I’ve blogged in the past about captions for movies, and how disappointing it is when the captions are not available, or not covering the entire movie (i.e. when music is ignored). But what about movies shown in the theater?
Some theaters use open captions, and it’s usually a specific, limited showing where the captions are offered, often in off peak hours that can be difficult for those of us with regular 9-5 jobs. These captions are shown on the screen, just like watching captions at home.
But there’s another option—at least in my area—a personal captioning device. Simply put, this is a device that displays the captions on a small box only the person requesting it can see. When I first started using these devices they reflected a scrolling marque in the back of the theater. Now it’s an internal device, with the captions pre-programmed.
I’ve only used them a handful of times, because I don’t go to the theater often. And that’s due to these devices having a pretty bad track record: I tend to get free tickets when my captioning doesn’t work—because what’s more disappointing than not being able to see a movie once you’re already watching the start of the film, only there’s no captioning—and I’ve had about a 50-50 success rate.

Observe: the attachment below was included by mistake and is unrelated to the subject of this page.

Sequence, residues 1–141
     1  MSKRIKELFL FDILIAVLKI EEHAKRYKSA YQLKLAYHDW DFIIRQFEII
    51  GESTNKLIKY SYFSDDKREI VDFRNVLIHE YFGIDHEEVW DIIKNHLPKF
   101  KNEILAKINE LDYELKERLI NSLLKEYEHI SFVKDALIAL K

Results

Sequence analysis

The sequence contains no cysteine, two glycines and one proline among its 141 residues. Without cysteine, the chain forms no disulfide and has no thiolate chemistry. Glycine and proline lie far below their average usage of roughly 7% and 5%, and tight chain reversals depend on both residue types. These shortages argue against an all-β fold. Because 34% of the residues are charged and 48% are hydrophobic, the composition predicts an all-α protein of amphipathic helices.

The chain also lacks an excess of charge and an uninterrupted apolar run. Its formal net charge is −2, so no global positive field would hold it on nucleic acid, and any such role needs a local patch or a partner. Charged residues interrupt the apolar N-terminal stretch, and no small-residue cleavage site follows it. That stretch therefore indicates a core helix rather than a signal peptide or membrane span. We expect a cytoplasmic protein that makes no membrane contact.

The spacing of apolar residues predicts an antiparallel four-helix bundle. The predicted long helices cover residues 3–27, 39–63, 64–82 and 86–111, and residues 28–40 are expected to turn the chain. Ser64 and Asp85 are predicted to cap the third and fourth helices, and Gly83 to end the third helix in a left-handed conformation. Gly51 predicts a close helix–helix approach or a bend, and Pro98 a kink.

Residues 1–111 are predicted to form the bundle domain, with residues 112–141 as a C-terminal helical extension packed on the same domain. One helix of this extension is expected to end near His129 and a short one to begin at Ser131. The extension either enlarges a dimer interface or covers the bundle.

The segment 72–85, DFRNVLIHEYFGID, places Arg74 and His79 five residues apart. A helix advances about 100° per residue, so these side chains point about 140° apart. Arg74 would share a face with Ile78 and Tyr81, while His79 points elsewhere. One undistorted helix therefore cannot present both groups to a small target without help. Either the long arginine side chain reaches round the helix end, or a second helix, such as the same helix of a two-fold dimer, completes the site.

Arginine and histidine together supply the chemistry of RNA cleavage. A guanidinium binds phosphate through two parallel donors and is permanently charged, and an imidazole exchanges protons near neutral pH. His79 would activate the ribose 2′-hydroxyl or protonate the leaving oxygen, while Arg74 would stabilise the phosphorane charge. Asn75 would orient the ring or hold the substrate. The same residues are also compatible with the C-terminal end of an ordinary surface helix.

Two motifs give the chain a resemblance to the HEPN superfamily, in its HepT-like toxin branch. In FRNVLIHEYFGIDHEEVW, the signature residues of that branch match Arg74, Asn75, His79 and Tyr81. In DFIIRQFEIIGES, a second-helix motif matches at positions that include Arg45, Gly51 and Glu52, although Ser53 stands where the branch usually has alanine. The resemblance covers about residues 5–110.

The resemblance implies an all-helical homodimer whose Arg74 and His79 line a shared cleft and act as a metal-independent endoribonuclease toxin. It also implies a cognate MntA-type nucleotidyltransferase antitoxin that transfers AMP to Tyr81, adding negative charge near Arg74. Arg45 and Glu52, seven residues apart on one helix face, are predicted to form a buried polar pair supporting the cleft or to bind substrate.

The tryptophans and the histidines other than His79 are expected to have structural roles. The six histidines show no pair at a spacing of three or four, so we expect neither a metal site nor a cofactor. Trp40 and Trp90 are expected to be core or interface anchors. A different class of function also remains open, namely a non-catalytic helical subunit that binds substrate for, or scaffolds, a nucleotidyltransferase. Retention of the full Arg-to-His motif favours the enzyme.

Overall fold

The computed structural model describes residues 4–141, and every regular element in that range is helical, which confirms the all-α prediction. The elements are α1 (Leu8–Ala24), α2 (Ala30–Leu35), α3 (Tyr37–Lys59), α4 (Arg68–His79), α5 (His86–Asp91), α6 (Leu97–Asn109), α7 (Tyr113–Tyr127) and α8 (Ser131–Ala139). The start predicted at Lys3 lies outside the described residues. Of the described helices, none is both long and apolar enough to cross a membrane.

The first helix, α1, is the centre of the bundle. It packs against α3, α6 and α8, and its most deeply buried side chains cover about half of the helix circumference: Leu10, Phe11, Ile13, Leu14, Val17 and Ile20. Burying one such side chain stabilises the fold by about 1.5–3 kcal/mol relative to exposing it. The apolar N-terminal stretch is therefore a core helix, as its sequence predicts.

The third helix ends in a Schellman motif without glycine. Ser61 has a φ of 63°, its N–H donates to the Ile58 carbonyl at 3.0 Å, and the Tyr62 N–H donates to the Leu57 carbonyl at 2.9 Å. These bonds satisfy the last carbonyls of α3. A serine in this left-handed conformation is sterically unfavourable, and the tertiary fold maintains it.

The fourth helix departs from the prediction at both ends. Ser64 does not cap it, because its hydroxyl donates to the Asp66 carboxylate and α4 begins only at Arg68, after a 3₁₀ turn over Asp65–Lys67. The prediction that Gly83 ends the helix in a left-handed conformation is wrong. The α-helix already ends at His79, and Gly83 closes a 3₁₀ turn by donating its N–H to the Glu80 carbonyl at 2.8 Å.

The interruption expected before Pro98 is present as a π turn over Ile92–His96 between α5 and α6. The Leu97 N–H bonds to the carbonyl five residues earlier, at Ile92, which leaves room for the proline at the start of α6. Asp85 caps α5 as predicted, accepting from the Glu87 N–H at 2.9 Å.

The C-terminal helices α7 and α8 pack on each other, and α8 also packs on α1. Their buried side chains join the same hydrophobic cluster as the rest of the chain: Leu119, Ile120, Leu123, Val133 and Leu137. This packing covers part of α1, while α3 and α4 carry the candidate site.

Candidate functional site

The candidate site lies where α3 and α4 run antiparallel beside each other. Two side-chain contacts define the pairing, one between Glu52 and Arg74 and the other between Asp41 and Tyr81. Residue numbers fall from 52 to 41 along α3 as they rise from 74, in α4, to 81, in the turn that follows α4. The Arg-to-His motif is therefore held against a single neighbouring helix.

The above picture is from this weekend’s attempt to watch a movie. First time I was able to bring my son to the theater and had captioning for myself. My husband and I had free tickets since, surprise surprise, the last movie we saw (Deadpool) had a captioning issue and I missed half the film. And if you think Deadpool is an easy character to lipread, as nice as Ryan Reynolds’ voice is…
So, there I am, in the theater, wayyy up close, with my captions set up and my fingers crossed.
And the best thing happened: even though previews are usually not captioned, three of ours were! Not only was it awesome to get the full impact of the previews, but this also told me ahead of time that everything was going to be okay. I was not going to have to leave my son and husband behind to get my captions fixed as the movie began (as I’ve done far too often). I was not going to have to sit outside while they watched, or watch something I couldn’t fully understand. This was going to work!
Then, the movie started. I held my breath. And you know what the very first thing I saw was? Music being captioned!
So this is how I watch movies in the theater. Now, my hearing means that sometimes I can hear enough. But it’s really a hit or miss: I have no way of knowing ahead of time how the acoustics will work. It does take some adjusting, since the captions are right up close, and the screen is far away. When it works, it’s a great experience.